If you self-define as trans then please fill out the consultation on what you want Labour Students to do by following this link: https://goo.gl/forms/lzD9dEtiDSZhdZlS2.
If you would like a session run on how to liberate your labour club please get in touch with firstname.lastname@example.org who will organise a session to be run on your campus by Labour Students liberation officers.
Let’s start with the basics, Labour Students must do more to welcome and empower our trans members. And how do we do that? We start by asking all of our...Go to the post
"I just don't believe trans people are a real thing. We should make them start hunting and foraging for their own food and see whether they still care about what gender they are then".
I sat in shock and looked out of the train window. I could see over the tops of the seats the man who was spouting his disgusting opinions, loudly for the whole train to hear. I felt like crying. I wanted to get up and shout at him, but I couldn’t muster the strength. I sunk back into my seat and tried to take my mind off what had just happened.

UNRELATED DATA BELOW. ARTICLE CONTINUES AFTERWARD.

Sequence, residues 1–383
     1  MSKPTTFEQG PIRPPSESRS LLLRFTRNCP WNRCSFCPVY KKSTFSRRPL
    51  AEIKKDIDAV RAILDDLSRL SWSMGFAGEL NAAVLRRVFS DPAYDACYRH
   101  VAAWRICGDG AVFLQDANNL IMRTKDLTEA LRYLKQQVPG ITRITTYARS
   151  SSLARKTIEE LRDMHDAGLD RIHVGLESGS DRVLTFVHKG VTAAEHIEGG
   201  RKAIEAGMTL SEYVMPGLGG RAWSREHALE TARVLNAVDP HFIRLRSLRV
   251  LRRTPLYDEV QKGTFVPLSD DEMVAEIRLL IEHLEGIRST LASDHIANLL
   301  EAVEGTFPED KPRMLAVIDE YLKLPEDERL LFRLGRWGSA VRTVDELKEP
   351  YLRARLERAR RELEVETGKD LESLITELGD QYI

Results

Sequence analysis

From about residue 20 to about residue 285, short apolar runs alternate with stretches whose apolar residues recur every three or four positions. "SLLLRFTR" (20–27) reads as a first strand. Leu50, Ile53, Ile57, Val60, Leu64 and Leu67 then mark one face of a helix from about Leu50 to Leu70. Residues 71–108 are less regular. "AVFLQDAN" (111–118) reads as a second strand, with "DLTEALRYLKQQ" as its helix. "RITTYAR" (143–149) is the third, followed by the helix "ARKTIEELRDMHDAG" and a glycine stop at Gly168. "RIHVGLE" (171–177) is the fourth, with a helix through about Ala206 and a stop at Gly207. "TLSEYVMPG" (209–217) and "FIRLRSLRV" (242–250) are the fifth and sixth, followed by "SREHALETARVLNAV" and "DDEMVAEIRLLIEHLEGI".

Earlier that day, a small group of us from Welsh Labour Students went to visit a support group in Stoke for trans people. We handed over a cheque for £700; money we had raised in memory of our friend Lily Summers whose grave we visited just before.
Even now, months after she passed away it still hurts to write about Lily as someone who is not with us anymore. But the pain of losing Lily inspired us in Welsh Labour Students to launch a campaign to improve access to healthcare in Wales for trans people, and to raise money for the support group who helped her through her transition.
For those of you who were unfortunate enough to not meet Lily during her all too short life; Lily was a ferocious campaigner, an outspoken voice for social justice and LGBTQ rights, as well as a proud Labour member and Swansea City Council candidate.
Lily was also Welsh Labour Students Women's Officer, the first trans person elected to our committee and one of my closest friends.